A tropical wave located in the Central Atlantic near 10°N 50.5°W, about 800 miles east of the Lesser Antilles Islands, was designated Invest 96L
by NHC on Tuesday afternoon, and is headed westwards to west-northwestwards at about 10 - 15 mph. Satellite loops
show the wave has a broad, elongated surface circulation and modest amount of heavy thunderstorm activity that is poorly organized. Thunderstorm activity was beginning to increase slightly in areal coverage early Tuesday afternoon, though, and a solid outflow channel to the north had developed on 96L's west side. An 8:12 am EDT Tuesday pass from the ASCAT satellite
showed top surface winds near 35 mph. Wind shear
is moderate, 10 - 20 knots, and water vapor satellite images
and the Saharan Air Layer analysis
show that the wave has plenty of dry air to contend with. Sea Surface Temperatures (SSTs) have warmed, and are now near 28°C, which favors development. Figure 1.
MODIS true-color image of Invest 96L northeast of the coast of South America, at approximately 10:30 am EDT August 19, 2014. Image credit: NASA.Forecast for 96L
The wave should pass through the Lesser Antilles Islands Thursday night or Friday morning, then track west to west-northwest through the Caribbean a few hundred miles south of Puerto Rico. The 12Z Tuesday run of the GFS and European models showed 96L tracking through the Central Caribbean early next week, and arriving in the Western Caribbean on Tuesday. The UKMET model showed a more northerly component of motion, with a path over Hispaniola. Two of our three reliable models for predicting tropical cyclone genesis, the UKMET and GFS models, predicted that 96L would develop into a tropical storm after passing through the Lesser Antilles. When both of these models show development, the odds increase that development will occur. The UKMET model showed 96L developing on Saturday, and the GFS showed it developing on Friday. Given the presence of so much dry air near the disturbance, the risk of development is low through Wednesday, but development odds will increase on Thursday as ocean temperatures warm and the atmosphere becomes moister. The 2 pm EDT Tuesday run of the SHIPS model
predicted that wind shear would stay in the moderate range, 10 - 20 knots, for the next five days. In their 2 pm EDT Tuesday Tropical Weather Outlook, NHC gave the disturbance 2-day and 5-day development odds of 30% and 40%, respectively. The Hurricane Hunters are on call to investigate the disturbance on Thursday afternoon, if necessary. If 96L does develop, it would likely be similar to Tropical Storm Bertha of early August while it is in the Caribbean--a weak and disorganized system that struggles against dry air.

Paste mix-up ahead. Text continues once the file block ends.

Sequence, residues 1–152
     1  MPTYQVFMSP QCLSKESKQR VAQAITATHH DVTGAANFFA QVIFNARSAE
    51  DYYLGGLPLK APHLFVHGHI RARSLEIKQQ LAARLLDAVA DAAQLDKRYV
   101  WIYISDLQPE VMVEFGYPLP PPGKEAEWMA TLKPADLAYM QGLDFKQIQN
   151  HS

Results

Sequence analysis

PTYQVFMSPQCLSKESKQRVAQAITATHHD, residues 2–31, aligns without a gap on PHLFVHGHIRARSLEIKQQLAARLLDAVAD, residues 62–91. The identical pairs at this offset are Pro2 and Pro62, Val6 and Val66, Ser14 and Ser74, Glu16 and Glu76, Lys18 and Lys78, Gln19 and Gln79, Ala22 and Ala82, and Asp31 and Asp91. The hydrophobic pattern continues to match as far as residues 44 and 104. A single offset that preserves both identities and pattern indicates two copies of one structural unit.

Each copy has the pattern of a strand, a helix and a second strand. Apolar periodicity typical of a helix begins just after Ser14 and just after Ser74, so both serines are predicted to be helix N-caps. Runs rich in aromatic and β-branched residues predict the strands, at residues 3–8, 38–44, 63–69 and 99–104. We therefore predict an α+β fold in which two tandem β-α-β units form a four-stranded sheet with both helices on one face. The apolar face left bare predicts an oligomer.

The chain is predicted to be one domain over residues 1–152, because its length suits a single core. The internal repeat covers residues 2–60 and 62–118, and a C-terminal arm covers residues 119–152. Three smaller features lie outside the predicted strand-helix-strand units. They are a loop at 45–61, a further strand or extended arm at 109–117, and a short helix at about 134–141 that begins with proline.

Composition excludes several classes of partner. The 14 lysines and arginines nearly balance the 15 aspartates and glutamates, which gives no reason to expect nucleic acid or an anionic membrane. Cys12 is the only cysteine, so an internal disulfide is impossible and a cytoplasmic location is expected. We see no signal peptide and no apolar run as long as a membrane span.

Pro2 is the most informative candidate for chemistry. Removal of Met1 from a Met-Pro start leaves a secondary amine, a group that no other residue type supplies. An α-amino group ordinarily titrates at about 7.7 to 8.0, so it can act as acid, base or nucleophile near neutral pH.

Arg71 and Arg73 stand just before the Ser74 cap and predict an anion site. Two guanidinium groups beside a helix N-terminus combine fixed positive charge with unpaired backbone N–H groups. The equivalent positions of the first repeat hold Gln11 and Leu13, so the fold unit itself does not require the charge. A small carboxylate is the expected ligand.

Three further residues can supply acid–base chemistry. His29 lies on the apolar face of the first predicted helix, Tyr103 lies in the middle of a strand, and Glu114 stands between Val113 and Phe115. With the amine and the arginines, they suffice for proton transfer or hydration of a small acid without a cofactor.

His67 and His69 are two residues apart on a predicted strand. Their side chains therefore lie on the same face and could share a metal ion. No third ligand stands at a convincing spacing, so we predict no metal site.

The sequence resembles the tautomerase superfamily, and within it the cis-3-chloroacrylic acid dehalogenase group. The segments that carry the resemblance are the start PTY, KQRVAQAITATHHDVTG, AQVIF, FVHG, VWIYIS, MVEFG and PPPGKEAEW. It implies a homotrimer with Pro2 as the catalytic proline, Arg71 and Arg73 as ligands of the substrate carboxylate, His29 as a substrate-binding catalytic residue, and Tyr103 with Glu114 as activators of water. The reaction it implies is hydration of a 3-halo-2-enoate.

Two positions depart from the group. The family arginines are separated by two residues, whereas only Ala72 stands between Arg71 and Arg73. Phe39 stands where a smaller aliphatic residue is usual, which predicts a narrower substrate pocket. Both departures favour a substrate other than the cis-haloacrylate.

A second disturbance near 13°N, 39°W, midway between Africa and the Lesser Antilles Islands, also has a small area of disorganized heavy thunderstorms with some modest rotation. In their 2 pm EDT Tuesday Tropical Weather Outlook, NHC gave this disturbance 2-day and 5-day development odds of 10% and 20%, respectively. None of our three reliable models for predicting tropical cyclone genesis predict that this disturbance will develop over the next five days as it heads west-northwest at about 10 mph.Figure 2. Tropical Storm Lowell
as seen at 11 am EDT Tuesday, August 19, 2014. At the time, Lowell had top winds of 50 mph. Image taken from a super-rapid scan mode loop from the NOAA/RAMMB website. The Eastern Pacific heating up
In the Eastern Pacific, we have a new named storm, Tropical Storm Lowell
, which formed at 03 UTC on Tuesday. The GOES-West satellite is in super-rapid scan mode over Lowell today, and you can access some very impressive one-minute time resolution loops of Lowell at the NOAA/RAMMB website.
Lowell's formation gives the Eastern Pacific 12 named storms, 7 hurricanes, and 5 intense hurricane so far this season. On average, the Eastern Pacific sees 8 named storms, 4 hurricanes, and 1 intense hurricane by August 18, so it has been a very active year in the basin. Tropical Storm Karina
is also spinning away in the Eastern Pacific today, and Karina and Lowell are expected to become entangled with each other early next week and die in the cool waters well to the west of Baja Mexico. The models have been consistently predicting that a another named storm (Marie) will form late this week from a tropical wave that crossed Central America on Monday and will move parallel to the Mexican coast a few hundred miles offshore. This storm, which NHC is giving 5-day odds of development of 70%, is something residents of the Baja Peninsula should monitor next week. Ocean temperatures in the waters just west of the Baja Peninsula are unusually warm---30°C (86°F), which is about 3°C (5°F) above average--so Marie will have plenty of heat energy available to power it.
The Western Pacific remains mercifully quiet, with no new named storms expected to develop over the next five days.